This Week in Yamaha History: 72 at A2Thursday, February 2, 2012 | 5:00 PM
When McGrath took his Mazda Yamaha to the Anaheim 1 win, it sure looked like he was set for an eighth career championship. His 2000 title drive started the same exact way. But ’01 would prove to be different. Ricky Carmichael struck back for a win the next weekend in San Diego after a great duel, setting up another showdown for round three, held once again in Anaheim.
The showdown delivered, as McGrath and Carmichael hooked up in a 20-lap battle that had the Angel Stadium fans screaming the whole way. McGrath grabbed the holeshot but Carmichael jumped into the lead before turn two. A few laps later, McGrath closed back up on Carmichael and took the lead. From there, RC kept the heat on MC, staying glued to his back tire all the way around the track. With a few laps to go, Carmichael switched lines to the inside in a bowl turn, and McGrath’s line intersected, leading to a collision. Carmichael took the lead momentarily, but decided he did not want to do it in that manner. Carmichael stated that if he won, he wanted to do it clean, so in the next turn he basically pulled over to let McGrath have the lead back!
The year 2001 would mark the final time McGrath would stand atop an SX podium.
Photo: Chris Deutschen
For the final two laps, Carmichael looked for an opening to try to make a clean pass, but McGrath held him at bay, winning by just a few tenths of a second. “If we have to fight for it, than that’s what we’ll do,” said McGrath after the race.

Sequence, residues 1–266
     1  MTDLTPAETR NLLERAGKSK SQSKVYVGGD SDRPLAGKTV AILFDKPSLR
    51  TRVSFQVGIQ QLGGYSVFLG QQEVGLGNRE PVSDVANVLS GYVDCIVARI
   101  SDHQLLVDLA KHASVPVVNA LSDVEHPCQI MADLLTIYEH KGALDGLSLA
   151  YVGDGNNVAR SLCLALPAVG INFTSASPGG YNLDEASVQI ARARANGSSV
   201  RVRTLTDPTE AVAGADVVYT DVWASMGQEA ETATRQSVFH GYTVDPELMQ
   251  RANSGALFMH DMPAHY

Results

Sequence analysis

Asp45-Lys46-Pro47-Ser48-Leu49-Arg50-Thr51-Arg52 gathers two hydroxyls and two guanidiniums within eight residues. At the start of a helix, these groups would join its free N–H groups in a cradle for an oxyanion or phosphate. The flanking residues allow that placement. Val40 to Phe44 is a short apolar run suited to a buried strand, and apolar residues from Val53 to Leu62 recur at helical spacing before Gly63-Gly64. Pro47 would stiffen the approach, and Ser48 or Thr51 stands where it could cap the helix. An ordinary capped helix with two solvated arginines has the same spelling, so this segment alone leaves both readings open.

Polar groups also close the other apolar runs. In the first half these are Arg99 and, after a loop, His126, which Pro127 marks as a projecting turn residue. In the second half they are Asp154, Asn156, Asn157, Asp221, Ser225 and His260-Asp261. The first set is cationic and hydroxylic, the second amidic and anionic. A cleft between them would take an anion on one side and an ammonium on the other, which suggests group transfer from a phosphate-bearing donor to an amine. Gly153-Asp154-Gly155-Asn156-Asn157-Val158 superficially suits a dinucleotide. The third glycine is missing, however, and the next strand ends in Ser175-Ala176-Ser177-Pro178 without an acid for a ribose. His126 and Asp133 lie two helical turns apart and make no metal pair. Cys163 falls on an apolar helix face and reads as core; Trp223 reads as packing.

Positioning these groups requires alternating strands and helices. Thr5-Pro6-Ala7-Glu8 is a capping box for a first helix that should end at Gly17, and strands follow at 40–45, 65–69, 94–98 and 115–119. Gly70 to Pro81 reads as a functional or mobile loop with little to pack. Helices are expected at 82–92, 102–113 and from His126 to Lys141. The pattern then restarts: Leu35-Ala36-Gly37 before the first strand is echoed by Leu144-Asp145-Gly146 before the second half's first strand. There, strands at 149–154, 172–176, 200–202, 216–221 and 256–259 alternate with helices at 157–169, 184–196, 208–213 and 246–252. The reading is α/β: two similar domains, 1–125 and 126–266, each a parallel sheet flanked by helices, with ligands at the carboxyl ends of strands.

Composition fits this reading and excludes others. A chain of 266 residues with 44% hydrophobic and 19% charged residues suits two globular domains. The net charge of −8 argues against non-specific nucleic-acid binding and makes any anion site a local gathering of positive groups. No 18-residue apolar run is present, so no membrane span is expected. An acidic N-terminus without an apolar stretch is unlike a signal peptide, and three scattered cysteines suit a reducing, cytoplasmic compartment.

It was another Anaheim and another win for McGrath. He still held the series’ lead, too. But this night would be far different than any other—this night would end up hosting McGrath’s last-ever supercross win. The following weekend in Phoenix, Carmichael took off from the start and won, and then at Anaheim 3, he rocked the foundation by coming from way behind to catch and pass McGrath for the victory. Carmichael ended the year on a 13-race win streak.
Back then, McGrath surely wasn’t happy about seeing his long reign come to an end. But looking back now, Anaheim 2 marked his 72nd career supercross win, and it’s that mark that still makes him the unquestioned all-time King of Supercross.
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This off-season saw very few major team changes or injury rehab periods—the riders were all on fairly even ground. That makes the work put in during this, the least glamorous part of the year, even more important. Page 112.